Just in time for Rio +20 we were able to finish a wonderful book project that involved many authors from four continents. The book, learning for sustainability in times of accelerating change, was presented at Rio +20 to former Norwegian Prime Minister and Chair of the infamous Brundtland Commission which made a first attempt to define “Sustainable Development” in the 1987 report “Our Common Future”.
On the publisher’s website the book is introduced as follows: We live in turbulent times, our world is changing at accelerating speed. Information is everywhere, but wisdom appears in short supply when trying to address key inter-related challenges of our time such as; runaway climate change, the loss of biodiversity, the depletion of natural resources, the on-going homogenization of culture, and rising inequity. Living in such times has implications for education and learning. This book explores the possibilities of designing and facilitating learning-based change and transitions towards sustainability. In 31 chapters contributors from across the world discuss (re)emerging forms of learning that not only assist in breaking down unsustainable routines, forms of governance, production and consumption, but also can help create ones that are more sustainable. The book has been divided into three parts: re-orienting science and society, re-connecting people and planet and re-imagining education and learning. This is essential reading for educators, educational designers, change agents, researchers, students, policymakers and entrepreneurs alike, concerned about the well-being of the planet and convinced of our ability to do better. (click on the book’s cover if you wish to go to the publishers web-page about the book)
Here are some nice words from some good people about the book:
We are living in times of incertitude, complexity, and contestation, but also of connectivity, responsibility, and new opportunities. This book analyses the consequences of these times for learning in formal, non-formal, and informal education. It explores the possibilities offered by the concept of sustainability as a central category of a holistic paradigm which harmonizes human beings with Earth. To change people and to change the world are interdependent processes—this book contributes to both. (Moacir Gadotti, Director of Paulo Freire Institute, São Paulo, Brazil).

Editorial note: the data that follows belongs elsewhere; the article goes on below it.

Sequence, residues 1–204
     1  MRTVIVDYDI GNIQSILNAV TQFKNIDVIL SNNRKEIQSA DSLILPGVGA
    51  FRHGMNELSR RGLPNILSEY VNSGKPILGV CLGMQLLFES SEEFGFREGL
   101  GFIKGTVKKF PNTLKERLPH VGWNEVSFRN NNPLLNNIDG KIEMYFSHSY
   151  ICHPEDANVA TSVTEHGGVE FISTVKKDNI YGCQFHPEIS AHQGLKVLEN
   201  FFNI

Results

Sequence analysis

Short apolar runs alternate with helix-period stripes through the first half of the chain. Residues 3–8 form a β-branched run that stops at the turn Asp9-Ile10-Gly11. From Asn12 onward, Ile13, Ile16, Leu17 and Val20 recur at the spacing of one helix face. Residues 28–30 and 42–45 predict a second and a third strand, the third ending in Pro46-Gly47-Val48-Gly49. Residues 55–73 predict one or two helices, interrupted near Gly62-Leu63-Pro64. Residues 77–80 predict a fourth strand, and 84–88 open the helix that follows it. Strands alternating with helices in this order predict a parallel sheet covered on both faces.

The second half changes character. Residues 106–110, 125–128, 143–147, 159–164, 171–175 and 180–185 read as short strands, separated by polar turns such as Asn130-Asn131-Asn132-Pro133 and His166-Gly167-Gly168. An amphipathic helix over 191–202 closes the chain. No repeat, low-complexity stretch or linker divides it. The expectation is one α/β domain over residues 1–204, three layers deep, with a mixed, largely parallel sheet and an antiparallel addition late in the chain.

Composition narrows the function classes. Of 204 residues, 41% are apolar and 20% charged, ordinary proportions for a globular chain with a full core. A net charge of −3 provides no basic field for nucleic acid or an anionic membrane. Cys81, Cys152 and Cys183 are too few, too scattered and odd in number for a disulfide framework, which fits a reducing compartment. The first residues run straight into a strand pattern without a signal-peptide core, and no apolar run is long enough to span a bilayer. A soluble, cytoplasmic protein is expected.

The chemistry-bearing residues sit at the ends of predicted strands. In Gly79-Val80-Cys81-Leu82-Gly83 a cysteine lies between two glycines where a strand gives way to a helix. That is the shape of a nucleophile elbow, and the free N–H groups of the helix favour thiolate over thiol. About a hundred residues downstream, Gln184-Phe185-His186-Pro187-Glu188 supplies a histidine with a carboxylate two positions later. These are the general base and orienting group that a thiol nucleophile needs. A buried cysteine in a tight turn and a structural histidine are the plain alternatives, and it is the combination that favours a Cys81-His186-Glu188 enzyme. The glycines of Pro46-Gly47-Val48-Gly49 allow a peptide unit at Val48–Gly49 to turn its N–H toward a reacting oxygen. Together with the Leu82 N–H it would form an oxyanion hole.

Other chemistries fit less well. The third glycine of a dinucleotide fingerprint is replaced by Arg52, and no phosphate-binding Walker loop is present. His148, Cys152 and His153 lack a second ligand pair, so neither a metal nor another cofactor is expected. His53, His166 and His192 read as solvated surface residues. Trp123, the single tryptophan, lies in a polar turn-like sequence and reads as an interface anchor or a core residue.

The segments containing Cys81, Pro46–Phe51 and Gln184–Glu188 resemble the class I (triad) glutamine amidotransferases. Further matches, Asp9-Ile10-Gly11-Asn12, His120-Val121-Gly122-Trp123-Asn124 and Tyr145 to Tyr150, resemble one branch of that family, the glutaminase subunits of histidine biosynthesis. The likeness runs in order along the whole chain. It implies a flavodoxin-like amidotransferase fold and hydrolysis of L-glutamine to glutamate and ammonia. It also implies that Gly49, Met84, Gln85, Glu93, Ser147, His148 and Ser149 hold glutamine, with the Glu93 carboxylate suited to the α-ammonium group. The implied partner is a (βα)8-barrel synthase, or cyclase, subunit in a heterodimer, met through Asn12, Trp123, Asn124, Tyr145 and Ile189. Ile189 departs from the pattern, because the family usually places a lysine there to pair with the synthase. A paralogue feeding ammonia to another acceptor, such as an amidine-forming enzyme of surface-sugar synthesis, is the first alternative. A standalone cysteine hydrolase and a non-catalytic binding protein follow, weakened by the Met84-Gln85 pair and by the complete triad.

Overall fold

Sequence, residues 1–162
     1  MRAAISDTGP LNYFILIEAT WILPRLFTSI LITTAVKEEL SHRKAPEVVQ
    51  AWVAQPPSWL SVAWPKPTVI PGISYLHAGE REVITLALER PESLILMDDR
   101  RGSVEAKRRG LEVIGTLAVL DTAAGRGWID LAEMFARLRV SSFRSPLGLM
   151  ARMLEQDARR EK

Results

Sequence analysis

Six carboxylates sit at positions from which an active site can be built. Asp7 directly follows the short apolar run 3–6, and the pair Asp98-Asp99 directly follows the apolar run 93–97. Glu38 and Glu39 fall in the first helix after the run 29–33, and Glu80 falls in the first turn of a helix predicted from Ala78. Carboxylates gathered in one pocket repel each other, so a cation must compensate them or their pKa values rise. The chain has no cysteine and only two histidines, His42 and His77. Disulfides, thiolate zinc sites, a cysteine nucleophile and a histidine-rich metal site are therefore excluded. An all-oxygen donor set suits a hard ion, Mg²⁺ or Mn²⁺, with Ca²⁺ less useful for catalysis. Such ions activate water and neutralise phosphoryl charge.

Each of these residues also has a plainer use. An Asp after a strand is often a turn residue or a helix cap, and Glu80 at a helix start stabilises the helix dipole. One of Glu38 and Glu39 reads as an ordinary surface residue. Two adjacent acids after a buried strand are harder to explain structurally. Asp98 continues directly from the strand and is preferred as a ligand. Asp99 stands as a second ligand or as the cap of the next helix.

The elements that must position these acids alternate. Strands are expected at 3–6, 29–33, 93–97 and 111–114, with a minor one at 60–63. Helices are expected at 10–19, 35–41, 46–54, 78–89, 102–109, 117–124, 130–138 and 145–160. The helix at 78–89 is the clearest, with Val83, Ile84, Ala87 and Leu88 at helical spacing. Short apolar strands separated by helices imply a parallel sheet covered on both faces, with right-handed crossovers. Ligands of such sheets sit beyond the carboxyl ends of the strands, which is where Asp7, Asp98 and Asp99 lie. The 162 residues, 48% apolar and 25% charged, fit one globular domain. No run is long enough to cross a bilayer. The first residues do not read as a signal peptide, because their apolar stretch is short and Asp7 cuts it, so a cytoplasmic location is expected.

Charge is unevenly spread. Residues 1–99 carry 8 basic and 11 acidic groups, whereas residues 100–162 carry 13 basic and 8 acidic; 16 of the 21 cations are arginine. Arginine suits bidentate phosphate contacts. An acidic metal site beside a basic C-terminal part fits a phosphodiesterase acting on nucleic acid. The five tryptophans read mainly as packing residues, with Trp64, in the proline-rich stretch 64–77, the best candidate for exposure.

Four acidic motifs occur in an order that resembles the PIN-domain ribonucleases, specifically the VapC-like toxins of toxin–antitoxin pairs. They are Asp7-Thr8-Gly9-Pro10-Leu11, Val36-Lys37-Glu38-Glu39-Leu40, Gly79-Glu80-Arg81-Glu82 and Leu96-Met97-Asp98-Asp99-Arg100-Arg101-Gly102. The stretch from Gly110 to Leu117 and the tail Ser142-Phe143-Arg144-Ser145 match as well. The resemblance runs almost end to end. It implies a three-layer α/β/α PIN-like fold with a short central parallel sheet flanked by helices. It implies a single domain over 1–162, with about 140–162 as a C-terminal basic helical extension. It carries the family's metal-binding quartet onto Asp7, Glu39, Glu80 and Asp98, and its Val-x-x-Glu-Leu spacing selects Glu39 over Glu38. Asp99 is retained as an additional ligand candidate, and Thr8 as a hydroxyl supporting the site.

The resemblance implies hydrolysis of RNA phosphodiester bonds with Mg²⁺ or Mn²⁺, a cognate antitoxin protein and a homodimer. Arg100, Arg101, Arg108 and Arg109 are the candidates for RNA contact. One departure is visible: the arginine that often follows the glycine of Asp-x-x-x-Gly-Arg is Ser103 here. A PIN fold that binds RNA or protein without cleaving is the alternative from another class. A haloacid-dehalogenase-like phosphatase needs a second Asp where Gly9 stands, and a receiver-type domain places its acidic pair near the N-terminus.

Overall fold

I hope you share my excitement about the innovations for sustainability that this book catalogues and analyses. While the ecological news is grim, the human news is not. Even in a time of accelerating change, people are showing their enormous capacities to learn, adapt, restore and protect. (From the Foreword by Juliet Schor, author of True Wealth: how and why millions of Americans are creating a time-rich, ecologically-light, small-scale high-satisfaction economy).
Instead of educational thinking and practice that tacitly assumes that the future is some kind of linear extension of the past, we need anticipative education, recognising the new conditions and discontinuities which face present generations, let alone future ones… This implies a ‘culture of critical commitment’ in educational thinking and practice – engaged enough to make a real difference to social-ecological resilience and sustainability but reflexively critical enough to learn constantly from experience and to keep options open in working for a sustainability transformation. (From the Afterword by Stephen Sterling, Professor of Sustainability Education, Centre for Sustainable Futures, Plymouth University, United Kingdom).
In the coming months this blog will be used to share some main ideas expressed by the authors that are a part of this volume.
The table of contents can be found here (click on the hypertext)learn4
The book can be ordered at a discount when going to ‘books’ in the menu bar on top of this page.